- The Washington Times - Friday, May 18, 2001

BALTIMORE — The $100 million-plus he invested in horse racing was short money to Bob McNair. After all, he spent $700 million for an expansion football team.
The Houston Texans owner enters Congaree in tomorrows 126th Preakness Stakes at Pimlico Race Course. After co-breeding 2000 Kentucky Derby winner Fusaichi Pegasus, McNair quickly learned that thoroughbreds are like real estate — oceanfront sells better than swampland.
"If you work on the high-end quality side, you have a better chance of making a profit than on the cheap side," McNair said. "I had to first convince myself we could make money in it. When I became confident, I invested in it, but you cant let your emotions rule."
The Triple Crown races feature the million-dollar babies. They're the supermodels of horseflesh, the sons of bluebloods. Its like the Kennedy, Gates and Walton families of horse racing that rule the "Sport of Kings."
That doesnt mean they rule the crown, though. None of the four $1 million-plus colts in the Derby finished better than eighth; the winner Monarchos cost just $170,000.
For every son of a fashionable stallion that wins a Triple Crown race, there is a down-and-out story of some long shot from nowhere. Only three of the last 30 most expensive yearlings since 1982 later won the Derby, including Fusaichi Pegasus last year at a startling $4 million. However, five of the last 12 Derby victors cost less than $32,000.
"Theres always that American dream that it could happen to me," said New York trainer Joe Orseno, whose Red Bullet won the 2000 Preakness. "Thats what the racing business is about. Theres too many stories of your [1977 Triple Crown champion] Seattle Slews selling for $17,500. You can run the numbers. All the horses that brought $2 million or $3 million arent always the ones [in the Derby]."
Essentially, the gambling isnt confined to the mutuel windows. The appropriate racing axiom is, "Breed to the best and hope for the best."
"Youre gambling the horse grows into something," said former Washington Redskin Sam Huff, who has long bred and raced thoroughbreds in Middleburg, Va. "If he is special, people pay a lot for it."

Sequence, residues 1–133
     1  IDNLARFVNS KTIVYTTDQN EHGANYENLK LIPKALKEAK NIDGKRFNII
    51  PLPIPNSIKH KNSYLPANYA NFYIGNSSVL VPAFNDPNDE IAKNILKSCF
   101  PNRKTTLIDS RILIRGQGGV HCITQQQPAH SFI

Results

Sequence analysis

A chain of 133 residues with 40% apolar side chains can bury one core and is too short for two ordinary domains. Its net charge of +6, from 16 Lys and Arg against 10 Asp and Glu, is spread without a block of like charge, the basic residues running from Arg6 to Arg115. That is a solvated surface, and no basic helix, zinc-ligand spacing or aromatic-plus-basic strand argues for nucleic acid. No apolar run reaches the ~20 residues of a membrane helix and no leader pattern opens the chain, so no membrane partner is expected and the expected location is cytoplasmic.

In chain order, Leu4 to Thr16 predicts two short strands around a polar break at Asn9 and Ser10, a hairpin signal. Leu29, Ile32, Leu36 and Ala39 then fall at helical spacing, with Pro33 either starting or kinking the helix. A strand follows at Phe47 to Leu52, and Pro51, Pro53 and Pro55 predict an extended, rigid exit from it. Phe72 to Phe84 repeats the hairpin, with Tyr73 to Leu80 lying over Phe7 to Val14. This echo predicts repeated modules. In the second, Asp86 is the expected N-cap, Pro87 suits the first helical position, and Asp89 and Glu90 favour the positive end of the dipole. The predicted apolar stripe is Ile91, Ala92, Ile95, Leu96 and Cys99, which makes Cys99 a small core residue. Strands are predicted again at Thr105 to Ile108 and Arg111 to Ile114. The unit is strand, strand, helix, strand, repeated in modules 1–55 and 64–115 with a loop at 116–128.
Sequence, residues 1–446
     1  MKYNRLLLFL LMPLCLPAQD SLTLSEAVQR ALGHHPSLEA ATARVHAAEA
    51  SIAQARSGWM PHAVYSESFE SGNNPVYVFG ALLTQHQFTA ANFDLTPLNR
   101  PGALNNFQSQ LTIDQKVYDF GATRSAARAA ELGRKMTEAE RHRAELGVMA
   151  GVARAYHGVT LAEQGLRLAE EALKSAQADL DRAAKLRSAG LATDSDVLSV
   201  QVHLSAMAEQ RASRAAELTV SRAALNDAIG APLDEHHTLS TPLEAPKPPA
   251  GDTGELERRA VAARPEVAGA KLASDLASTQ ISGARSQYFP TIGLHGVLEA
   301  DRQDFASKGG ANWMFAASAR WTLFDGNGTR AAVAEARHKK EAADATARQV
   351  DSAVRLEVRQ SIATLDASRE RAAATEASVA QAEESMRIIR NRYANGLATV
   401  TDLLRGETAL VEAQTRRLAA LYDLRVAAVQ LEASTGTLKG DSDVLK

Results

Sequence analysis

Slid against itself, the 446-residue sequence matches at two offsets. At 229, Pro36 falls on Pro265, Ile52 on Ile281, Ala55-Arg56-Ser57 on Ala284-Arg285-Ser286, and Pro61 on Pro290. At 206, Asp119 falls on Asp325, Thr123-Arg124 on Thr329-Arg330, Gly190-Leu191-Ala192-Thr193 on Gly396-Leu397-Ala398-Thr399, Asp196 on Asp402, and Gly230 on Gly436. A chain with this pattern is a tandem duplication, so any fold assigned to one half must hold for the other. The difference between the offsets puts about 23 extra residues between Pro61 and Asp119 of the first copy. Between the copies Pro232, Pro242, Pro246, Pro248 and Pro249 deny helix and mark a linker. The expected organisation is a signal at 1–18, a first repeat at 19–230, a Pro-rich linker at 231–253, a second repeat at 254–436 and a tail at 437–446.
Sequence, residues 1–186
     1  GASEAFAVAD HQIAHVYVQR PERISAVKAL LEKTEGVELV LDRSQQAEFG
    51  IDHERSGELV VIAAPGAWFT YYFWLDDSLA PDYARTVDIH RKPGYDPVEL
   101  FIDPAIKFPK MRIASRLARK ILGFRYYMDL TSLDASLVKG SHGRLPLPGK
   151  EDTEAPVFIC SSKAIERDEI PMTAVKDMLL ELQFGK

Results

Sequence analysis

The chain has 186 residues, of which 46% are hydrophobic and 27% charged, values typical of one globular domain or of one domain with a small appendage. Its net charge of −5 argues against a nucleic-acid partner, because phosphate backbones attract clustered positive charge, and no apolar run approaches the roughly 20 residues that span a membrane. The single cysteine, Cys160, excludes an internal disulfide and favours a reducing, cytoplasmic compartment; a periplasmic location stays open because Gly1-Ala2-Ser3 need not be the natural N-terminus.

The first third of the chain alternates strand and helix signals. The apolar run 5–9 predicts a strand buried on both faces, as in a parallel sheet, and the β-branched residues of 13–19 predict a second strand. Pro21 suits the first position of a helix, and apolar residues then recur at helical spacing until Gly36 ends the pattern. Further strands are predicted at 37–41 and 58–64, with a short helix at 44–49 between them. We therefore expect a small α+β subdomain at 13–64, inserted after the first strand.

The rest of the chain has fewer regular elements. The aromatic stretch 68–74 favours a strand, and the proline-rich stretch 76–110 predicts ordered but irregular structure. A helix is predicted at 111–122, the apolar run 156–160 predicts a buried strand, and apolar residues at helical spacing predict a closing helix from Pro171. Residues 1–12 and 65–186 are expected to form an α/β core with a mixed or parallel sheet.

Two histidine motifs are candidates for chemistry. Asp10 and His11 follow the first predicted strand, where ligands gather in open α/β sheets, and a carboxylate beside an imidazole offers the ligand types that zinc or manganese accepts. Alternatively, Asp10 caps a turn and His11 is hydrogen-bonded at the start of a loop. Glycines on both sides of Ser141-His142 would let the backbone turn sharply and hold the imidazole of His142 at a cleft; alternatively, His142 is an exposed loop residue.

The sales prices can be dizzying, especially in good economic times and with rich foreign buyers. Several Arab sheiks have more than $1 billion invested in horse racing and spend more than tens of millions of dollars at the annual Kentucky sales.
But its often a good investment, especially when it comes to buying the more expensive horses. The wife of former Duke basketball star Bobby Hurley hung up on him when he told her he had spent $1 million on Songandaprayer. But after winning the Fountain of Youth Stakes on Feb. 17, the 3-year-old colt easily will earn a profit as a stallion, where stud fees can reach $400,000 per mating. Louisville basketball coach Rick Pitinos A P Valentine enters the Preakness after a recent syndicated breeding deal for $15 million. Not a bad profit for a $475,000 purchase.
"The high end is the only place you can make money," Huff said. "If he wins a stakes, you can sell him for $30 million."
Said Orseno: "When they give big money for horses, they have bloodlines. You hope to have a great career. You win your share, but then you have something to fall back on ."
Although racehorses can be bought for as cheaply as $5,000, this is not an inexpensive business. The average thoroughbred costs at least $20,000 annually to train. Theres the groom, trainer, jockey, blacksmith, dentist and veterinarian, along with the food, transportation and entry fees.